Re: OpenCascade license opinion
Francesco Poli wrote:
> On the other hand, maybe the Open Cascade license counts as an
> agreement, since the copyright holder says that you have to accept
> the license in order to download the software (i.e.: in order to become
> a lawful acquirer). Then, after you accepted the license, you are bound
> to comply with it even if you only want to use the software (without
> redistributing, modifying, and so forth...).
Well, if you agree to a license and only then download the software,
your actions regarding the software are regulated by the software.
That's then your choice, just like it could be your choice to sign
a nondisclosure agreement which would force you to remain silent
on certain things.
The interesting question is when and how you agree to a license. If
the license is in the tarball, I don't think that downloading the
tarball counts as acceptance. You need to be able to read the license
before you can agree to it. If someone makes you go through a clickwrap
construct, then you're bound to the license.
If someone says "this software is GPLv2; click here to download" I
am not entirely sure if I agree to GPLv2 when I click there to download.
> Yes, because here no one said that I have to accept the GPL in order to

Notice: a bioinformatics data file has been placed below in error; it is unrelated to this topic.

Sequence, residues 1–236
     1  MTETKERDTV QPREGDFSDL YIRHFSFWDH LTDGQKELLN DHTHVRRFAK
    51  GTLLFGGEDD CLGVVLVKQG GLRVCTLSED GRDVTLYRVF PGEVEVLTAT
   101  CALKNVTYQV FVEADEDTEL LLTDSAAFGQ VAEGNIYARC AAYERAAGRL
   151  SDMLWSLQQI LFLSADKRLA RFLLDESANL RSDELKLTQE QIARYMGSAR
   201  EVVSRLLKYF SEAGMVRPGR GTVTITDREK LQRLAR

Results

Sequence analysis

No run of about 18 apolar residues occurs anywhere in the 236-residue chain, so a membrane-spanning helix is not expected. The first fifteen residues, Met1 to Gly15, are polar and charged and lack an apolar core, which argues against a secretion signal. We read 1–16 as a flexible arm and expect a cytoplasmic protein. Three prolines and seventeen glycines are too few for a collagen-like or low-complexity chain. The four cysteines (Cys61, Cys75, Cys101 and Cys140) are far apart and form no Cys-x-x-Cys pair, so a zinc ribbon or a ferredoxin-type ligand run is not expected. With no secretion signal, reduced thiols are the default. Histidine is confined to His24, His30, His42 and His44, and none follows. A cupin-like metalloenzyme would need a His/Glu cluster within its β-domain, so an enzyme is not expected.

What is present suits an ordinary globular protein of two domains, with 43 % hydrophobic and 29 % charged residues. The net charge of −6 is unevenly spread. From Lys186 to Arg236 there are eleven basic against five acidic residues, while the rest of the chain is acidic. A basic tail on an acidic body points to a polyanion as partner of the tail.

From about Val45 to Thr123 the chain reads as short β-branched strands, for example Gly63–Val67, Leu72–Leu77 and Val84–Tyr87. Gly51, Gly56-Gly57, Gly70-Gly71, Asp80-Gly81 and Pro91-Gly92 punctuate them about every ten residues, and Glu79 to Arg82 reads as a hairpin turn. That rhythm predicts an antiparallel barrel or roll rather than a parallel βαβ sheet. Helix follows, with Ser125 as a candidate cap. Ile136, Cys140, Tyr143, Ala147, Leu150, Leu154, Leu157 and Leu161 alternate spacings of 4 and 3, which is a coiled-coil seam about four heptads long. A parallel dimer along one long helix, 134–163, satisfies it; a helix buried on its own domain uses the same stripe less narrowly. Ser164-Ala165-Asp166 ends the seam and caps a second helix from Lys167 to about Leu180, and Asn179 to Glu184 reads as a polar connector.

> download the program. As a consequence, I can be a lawful acquirer
> without having to accept the license: at that point, I can exercise my
> lawful acquirer rights, being in absense of any agreement to the
Don't forget to read John Halton's contributions to this thread.
If the phrase "lawful acquirer" is interpreted as "someone who acquires
the software in such a way that they have the right to use it", then
you only become a lawful acquirer after accepting the license.
(I'm still not entirely convinced this is the correct interpretation,
as it significantly reduces the value of the article, but it is
certainly a sensible interpretation)
> But maybe the following one, as well: the above reasoning is an attempt
> to better understand things and should not (yet) be taken as a set of
> conclusive statements on the subject.
This is law; there's no such thing as a conclusive statement here.
Arnoud Engelfriet, Dutch & European patent attorney - Speaking only for myself
Patents, copyright and IPR explained for techies: http://www.iusmentis.com/
Arnoud blogt nu ook: http://blog.iusmentis.com/